Osborn Law, P.C., for plaintiffs.
Kramer Levin Naftalis & Frankel LLP, for defendant.
Shirley Werner Kornreich, J.
Defendant Sirius XM Radio, Inc. (Sirius) moves to dismiss the Complaint pursuant to CPLR 3211 (a)(1), (5), & (7). Defendant's motion is granted for the reasons that follow.
Factual Background & Procedural History
The court assumes familiarity with the allegations in this putative class action, which are set forth at length in the federal court decisions discussed below. In short, plaintiffs accuse Sirius, a satellite radio provider, of improperly charging customers a $2 Invoice Administration Fee (the Fee) for processing subscription payments made by credit card.
On November 18, 2009, plaintiff Alvin Kaufman filed a Class Action Complaint in the United States District Court for the Southern District of New York (the District Court). Kaufman asserted claims (1) under GBL § 349; (2) for unjust enrichment; and (3) for a declaratory judgment that the class members are not subject to arbitration. After Sirius moved to dismiss, an Amended Class Action Complaint was filed on February 22, 2010, which added plaintiff Richard LaLuna, who asserted a new breach of contract claim, and omitted plaintiff's original claim for unjust enrichment. LaLuna, a New York resident, was added to the case due to the concern that Kaufman, a Nevada resident, might not be able to maintain a claim under GBL § 349. After Sirius moved to dismiss for a second time, plaintiffs filed a Second Amended Complaint on April 27, 2010. Before Sirius had an opportunity to file a motion to dismiss, plaintiffs were granted leave to file another amended pleading. On May 28, 2010, plaintiffs filed a Third Amended Complaint (the TAC), alleging GBL § 349, breach of contract, and declaratory judgment claims. Sirius then submitted a letter to the District Court, dated June 11, 2010, requesting leave to file a motion to dismiss the TAC. On August 20, 2010, the District Court held a pre-motion conference during which the parties were directed to submit letter-briefs on the two issues to be decided on Sirius' motion: "(1) whether non-New York resident Kaufman (and those similarly situated) adequately pled deception that occurred in New York sufficient to state a GBL § 349 claim and (2) whether Plaintiffs sufficiently pled facts to support a viable breach of contract claim." The parties were explicitly directed to limit their letters to these two issues and not to "include arguments relating to the merits of the GBL § 349 claim." The parties each submitted letter-briefs.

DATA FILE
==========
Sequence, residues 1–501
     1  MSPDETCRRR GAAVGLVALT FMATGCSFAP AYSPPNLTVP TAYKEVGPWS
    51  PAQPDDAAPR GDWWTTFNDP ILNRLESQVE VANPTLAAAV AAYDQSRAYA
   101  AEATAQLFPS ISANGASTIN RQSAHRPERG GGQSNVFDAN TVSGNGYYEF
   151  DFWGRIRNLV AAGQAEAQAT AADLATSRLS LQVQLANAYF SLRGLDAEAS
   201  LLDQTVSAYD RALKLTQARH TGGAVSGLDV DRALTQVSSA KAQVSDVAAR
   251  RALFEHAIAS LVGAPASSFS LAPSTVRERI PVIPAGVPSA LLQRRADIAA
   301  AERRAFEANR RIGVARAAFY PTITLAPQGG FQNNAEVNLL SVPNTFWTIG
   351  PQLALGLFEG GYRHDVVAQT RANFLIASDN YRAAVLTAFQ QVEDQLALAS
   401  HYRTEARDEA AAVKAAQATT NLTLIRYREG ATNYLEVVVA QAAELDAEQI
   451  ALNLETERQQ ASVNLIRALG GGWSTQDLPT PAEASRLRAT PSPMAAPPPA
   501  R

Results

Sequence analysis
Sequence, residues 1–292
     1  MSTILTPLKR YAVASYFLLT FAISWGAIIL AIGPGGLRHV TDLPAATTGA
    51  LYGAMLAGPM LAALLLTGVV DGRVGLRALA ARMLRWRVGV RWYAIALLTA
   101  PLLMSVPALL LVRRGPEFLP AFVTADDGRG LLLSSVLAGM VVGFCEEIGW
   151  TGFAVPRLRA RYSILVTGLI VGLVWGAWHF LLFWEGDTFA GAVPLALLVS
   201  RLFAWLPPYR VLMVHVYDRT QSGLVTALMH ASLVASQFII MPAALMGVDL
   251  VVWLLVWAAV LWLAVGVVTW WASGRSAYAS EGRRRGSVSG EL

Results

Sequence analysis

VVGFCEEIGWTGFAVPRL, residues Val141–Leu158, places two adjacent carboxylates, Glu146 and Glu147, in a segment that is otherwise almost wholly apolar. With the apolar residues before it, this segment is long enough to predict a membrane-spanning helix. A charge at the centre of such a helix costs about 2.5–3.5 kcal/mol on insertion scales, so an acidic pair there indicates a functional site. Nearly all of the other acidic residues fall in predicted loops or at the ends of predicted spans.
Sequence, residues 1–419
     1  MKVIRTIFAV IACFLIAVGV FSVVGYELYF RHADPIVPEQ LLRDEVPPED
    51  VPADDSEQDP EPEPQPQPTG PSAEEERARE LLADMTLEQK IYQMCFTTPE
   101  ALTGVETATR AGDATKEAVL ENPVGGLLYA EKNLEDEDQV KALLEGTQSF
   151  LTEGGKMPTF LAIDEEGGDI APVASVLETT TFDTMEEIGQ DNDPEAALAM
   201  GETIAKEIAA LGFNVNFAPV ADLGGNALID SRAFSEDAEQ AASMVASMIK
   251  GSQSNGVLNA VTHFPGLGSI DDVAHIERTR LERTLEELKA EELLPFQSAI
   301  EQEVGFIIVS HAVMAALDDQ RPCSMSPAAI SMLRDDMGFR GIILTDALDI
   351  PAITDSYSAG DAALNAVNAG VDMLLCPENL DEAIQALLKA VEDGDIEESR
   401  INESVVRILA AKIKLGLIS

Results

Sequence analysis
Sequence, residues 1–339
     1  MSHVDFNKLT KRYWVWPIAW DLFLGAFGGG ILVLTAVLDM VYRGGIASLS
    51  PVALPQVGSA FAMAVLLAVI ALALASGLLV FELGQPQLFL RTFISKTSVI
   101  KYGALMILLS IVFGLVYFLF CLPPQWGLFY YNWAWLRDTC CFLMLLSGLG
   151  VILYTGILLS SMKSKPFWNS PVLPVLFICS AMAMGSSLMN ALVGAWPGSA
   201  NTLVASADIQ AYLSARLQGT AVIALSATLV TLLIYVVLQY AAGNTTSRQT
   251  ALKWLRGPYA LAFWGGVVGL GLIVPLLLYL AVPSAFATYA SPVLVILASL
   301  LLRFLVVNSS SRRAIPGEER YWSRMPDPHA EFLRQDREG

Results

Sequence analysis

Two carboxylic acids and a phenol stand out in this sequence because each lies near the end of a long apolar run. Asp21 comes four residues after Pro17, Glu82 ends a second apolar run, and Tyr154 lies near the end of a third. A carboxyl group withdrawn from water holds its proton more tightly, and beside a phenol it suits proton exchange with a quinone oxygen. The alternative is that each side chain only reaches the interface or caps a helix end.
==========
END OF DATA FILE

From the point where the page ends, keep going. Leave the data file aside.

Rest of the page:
In an order dated November 10, 2010, the District Court (1) dismissed the breach of contract claim; and (2) held that Kaufman and "any similarly-situated non-New York residents" cannot maintain a claim under GBL § 349. See Kaufman v Sirius XM Radio, Inc., 751 F.Supp.2d 681 (SDNY 2010) (Marrero, J.). The District Court provided the following explanation for why it dismissed the breach of contract claim:
The Court provided clear instructions to Plaintiffs at the Telephone Conference, directing them to set forth in their contemplated letter-brief the language in the contract that they assert has been breached, what their interpretation of that clause is, and how the facts pled in the [TAC] support a breach of that provision. However, Plaintiffs' brief focuses exclusively on the GBL § 349 claim (and mostly on the merits of that count which the Court stated repeatedly would not be susceptible to dismissal at the pleading stage) and does not even mention the contractual cause of action. Indeed, Plaintiffs' September 3 Letter-Brief and Plaintiffs' September 21 Letter-Brief fail to point the Court to any contractual obligation on the part of Sirius to refrain from charging [the Fee]. Accordingly, the Court rules that the Plaintiffs have abandoned their breach of contract cause of action.